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Does the Higgs Boson Reveal Our Universe's Doomsday? 421

Posted by Soulskill
from the keep-calm-and-carry-on dept.
astroengine writes "If calculations of the newly discovered Higgs boson particle are correct, one day, tens of billions of years from now, the universe will disappear at the speed of light, replaced by a strange, alternative dimension one theoretical physicist calls boring. 'It may be that the universe we live in is inherently unstable and at some point billions of years from now it's all going to get wiped out. This has to do with the Higgs energy field itself,' Joseph Lykken, with the Fermi National Accelerator Laboratory in Batavia, Ill., said. 'This calculation tells you that many tens of billions of years from now there'll be a catastrophe.'"
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Does the Higgs Boson Reveal Our Universe's Doomsday?

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  • Meh. (Score:5, Funny)

    by Anonymous Coward on Tuesday February 19, 2013 @05:55PM (#42949035)

    Nothing of value will be lost.

    • The sun will be lost. It will explode before the universe does.
      • by Anonymous Coward on Tuesday February 19, 2013 @07:27PM (#42950209)

        So a Higgs Bosun walks into a church. The priest says "we don't allow Higgs Bosuns in here."

        To which the Higgs Boson replies, "but without me, how can you have mass?"

      • by rve (4436)

        The sun will be lost. It will explode before the universe does.

        Don't be so negative

    • Nay doomsayer... (Score:5, Insightful)

      by rmdingler (1955220) on Tuesday February 19, 2013 @06:35PM (#42949547)
      I am so tired of the 'Mankind's existence is valueless' bravado. We are a billion to one galactic coincidence that has risen to sentient thought and self-awareness. This astronomical concurrence alone is worthy of continuance. If we finally evolve beyond primal tribal and religious bickering, we can get on with off planet settlements... and we have still a cushion of ten billion years to settle other galaxies.
      • by NatasRevol (731260) on Tuesday February 19, 2013 @07:38PM (#42950337) Journal

        We've had primal tribal & religious bickering our entire existence.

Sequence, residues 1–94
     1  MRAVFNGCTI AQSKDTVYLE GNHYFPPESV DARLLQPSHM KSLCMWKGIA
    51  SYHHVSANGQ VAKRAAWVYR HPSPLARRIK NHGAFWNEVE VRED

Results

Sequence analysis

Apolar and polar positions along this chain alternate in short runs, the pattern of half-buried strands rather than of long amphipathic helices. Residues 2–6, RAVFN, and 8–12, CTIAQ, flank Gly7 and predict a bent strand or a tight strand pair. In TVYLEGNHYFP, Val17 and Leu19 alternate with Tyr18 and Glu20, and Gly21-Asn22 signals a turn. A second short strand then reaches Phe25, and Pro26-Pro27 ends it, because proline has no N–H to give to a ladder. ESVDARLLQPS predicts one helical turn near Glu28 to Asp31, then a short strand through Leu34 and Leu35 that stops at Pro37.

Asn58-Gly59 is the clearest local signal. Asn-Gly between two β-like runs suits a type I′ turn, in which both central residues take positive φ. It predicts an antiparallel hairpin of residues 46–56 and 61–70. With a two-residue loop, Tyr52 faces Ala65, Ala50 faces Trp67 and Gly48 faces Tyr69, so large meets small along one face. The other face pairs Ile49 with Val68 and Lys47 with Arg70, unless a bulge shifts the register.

What makes you think we can get beyond that?

        Also, there's several trillion planets in our galaxy alone. And 200 billion galaxies.
        http://scienceblogs.com/startswithabang/2013/01/05/how-many-planets-are-in-the-universe/ [scienceblogs.com]

        If we're a billion to one coincidence, we're not all that unique.

        • by Tom (822)

          What makes you think it'll be humans that move out into the galaxy and not some other species that only has us as an ancestor? The super-human, to speak with Nietzsche (abused as it was by the nazis, his concept of the Ãoebermensch was not racial in nature, but evolutionary).

          We might just be one of a few million intelligent species in this galaxy, but we are likely the only one around for a couple hundred light years.

        • We've had primal tribal & religious bickering our entire existence.

          What makes you think we can get beyond that?

          Whoa, whoa, whoa. Who said that we were going to stop? We are just trying to extend the practice to new locations! Those people from Alpha Centauri think they're better than us pure Earthlings.

      • It isn't all that special if we are meant to be.

        Personally, I think that living beings and the universe form a symbiotic relationship. We can't exist without a universe, equally, a universe without an observer might as well not exist. By this logic, it makes sense that a universe that wants to exist needs to creates observers in addition to itself.